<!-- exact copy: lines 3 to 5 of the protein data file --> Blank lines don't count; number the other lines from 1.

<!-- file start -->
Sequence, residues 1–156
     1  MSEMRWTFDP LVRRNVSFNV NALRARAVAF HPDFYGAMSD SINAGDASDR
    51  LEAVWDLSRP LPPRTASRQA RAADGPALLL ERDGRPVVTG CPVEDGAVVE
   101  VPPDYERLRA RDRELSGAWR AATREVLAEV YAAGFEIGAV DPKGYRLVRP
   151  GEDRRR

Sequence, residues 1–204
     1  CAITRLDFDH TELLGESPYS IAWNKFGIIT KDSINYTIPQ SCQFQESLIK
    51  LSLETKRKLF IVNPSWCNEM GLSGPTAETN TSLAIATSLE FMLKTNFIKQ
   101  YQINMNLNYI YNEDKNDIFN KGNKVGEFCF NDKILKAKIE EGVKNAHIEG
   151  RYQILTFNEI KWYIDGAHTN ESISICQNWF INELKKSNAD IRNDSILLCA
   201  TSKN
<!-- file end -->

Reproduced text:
    51  LEAVWDLSRP LPPRTASRQA RAADGPALLL ERDGRPVVTG CPVEDGAVVE
   101  VPPDYERLRA RDRELSGAWR AATREVLAEV YAAGFEIGAV DPKGYRLVRP
   151  GEDRRR